Beard almost totally white, no desire to look younger, but more and more seductive. Talking with him is a bit like retracing 50 years of Italian cinema history. They come to mind the many roles he interpreted for directors such as Bernardo Bertolucci, the Taviani brothers, Marco Bellocchio, Pupi Avati, Mario Monicelli, Nanni Moretti, Pier Paolo Pasolini, but also the theater, perhaps his greatest passion. Great actor, eclectic talent and all this great work recognized by critics who has held awards such as Nastri d’Argento, David di Donatello and Gassman Prize. An artist who never ceases to amaze, especially with his metamorphoses, choosing bizarre roles like Andrea, the protagonist of Il Padre, the show by Florian Zeller.

by Francesca Capaccioli

An exciting pièce, how did you find this text?

During the tour of Il Visitatore, I submitted this text to read, but absentmindedly I dismissed it. Some time, later, it was Federica Vincenti of Goldenart Production (the producer of the show) with Michele Placido to present it to me again. Rereading it, I realized that it had great potential. For me it’s essential that the text make people reflect and excite the audience and Zeller, young author, managed to treat in a delicate and intelligent way a subject like that of Alzheimer, he managed to put the audience in the head of Andrea seen from his perspective, a continuous chaos of anxieties, fears, voids that merge and overlap in his mind in an indestructible and deep tangle and in these voids emerges what has been, at times he is aggressive and cynical and soon after becomes like a child. Andrea has only brief perceptions of reality that becomes increasingly confused, the scenes alternate between reality, imagination and deformation, I tried to think like him, trying to convey the truth, without giving too much to the drama, some scenes are also comic and the fact of having convinced doctors was a further confirmation.

When you were five years old, you already knew that you wanted to be an actor…

My parents were humble people, my father was from the Austro-Hungarian, Rumanian and Jewish kingdom, my mother was from Bologna. I remember my childhood in Israel, that had just declared independent. We lived in Tel Aviv, I was five, maybe six years old and I went to the cinema, there was no television and when I came home I tried to emulate what I saw, I dressed up, I imitated these actors, I put on makeup and then forced my father’s friends to undergo my performances, I blackmailed them, I went to bed only after they had looked at me. When I played there was always a conscience in every disguise or role that I did, in dressing, in makeup, and this passion went on worked inside me like a disease and then I discovered that it was a job. When we moved to Italy, in Verona, I was nine years old and I found that, seeing my first show “Chi ha paura di Virginia Woolf” with Enrico Maria Salerno, Sara Ferrati, Umberto Orsini, there was also another form of expression in addition to cinema, there were actors that you could touch with your hand and from that moment I started to fall in love with the theater.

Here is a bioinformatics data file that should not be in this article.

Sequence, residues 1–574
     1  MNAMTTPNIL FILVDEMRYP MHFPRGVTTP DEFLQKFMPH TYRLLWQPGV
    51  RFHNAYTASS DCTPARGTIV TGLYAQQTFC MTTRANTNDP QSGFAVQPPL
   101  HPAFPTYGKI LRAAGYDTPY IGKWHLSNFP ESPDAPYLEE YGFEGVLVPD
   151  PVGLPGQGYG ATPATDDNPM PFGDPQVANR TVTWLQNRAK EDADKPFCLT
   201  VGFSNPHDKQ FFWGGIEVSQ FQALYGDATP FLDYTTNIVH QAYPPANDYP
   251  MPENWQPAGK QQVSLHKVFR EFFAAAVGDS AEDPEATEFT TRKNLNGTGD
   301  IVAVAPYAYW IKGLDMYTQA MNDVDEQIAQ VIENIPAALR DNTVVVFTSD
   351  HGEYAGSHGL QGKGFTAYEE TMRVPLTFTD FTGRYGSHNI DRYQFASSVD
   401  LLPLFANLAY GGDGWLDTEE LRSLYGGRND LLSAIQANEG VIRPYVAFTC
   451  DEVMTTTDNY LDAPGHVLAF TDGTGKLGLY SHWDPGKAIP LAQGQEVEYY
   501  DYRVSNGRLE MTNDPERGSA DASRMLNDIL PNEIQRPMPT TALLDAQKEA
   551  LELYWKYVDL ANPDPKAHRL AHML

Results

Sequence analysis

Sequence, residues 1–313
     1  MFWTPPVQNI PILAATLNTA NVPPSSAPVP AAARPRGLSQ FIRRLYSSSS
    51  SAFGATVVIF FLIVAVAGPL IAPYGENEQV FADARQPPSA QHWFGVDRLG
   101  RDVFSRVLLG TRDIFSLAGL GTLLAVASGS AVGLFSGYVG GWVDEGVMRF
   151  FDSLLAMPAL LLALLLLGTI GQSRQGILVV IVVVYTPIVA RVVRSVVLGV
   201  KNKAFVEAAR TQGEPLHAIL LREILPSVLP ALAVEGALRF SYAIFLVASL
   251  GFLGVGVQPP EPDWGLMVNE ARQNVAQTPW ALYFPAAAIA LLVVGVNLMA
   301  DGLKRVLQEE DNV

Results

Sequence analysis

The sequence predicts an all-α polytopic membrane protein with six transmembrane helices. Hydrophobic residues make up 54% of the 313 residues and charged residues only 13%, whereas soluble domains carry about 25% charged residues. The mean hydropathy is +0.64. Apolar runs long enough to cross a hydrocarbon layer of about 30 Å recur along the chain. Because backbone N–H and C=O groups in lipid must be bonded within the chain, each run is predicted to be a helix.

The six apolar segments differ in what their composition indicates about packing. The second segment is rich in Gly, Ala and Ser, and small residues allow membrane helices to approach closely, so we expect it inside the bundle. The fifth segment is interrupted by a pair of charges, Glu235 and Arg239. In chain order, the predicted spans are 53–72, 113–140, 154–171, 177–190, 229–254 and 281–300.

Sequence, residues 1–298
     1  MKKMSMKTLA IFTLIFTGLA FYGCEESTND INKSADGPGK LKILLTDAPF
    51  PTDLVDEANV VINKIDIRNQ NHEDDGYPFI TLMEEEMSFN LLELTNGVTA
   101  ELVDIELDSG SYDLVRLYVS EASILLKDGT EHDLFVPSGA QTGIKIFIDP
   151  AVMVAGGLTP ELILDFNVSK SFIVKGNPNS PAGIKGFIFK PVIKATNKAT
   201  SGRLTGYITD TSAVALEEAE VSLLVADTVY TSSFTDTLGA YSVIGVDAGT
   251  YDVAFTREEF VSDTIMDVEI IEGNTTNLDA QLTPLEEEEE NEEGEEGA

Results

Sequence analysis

Haber you can get deeply into the stories you tell on stage and you can transport your being actor even when you sing…

Music is part of my soul is enthralling, it is very strong, it is as important as words are. The texts enter in your head, in your heart and they remain inside. To communicate through theme is fundamental, because acting is musicality, it’s time, it’s a movement, strong, slowly. I always sang for pleasure in the pianobar and in times not suspicious (it was 1995), Mimmo Locasciulli made me debut with three pieces in one of his concerts and I had an incredible success, two days later on the Messenger, Fabrizio Zampa wrote: “Haber great performer!”. So, the idea of ​​my first album “Haberrante” was born, where friends like Virzi, Fossati, Ruggeri, Papaleo, wrote for me a piece; then, when Francesco de Gregori proposed to me the text of the “Valigia dell’attore”, I was amazed.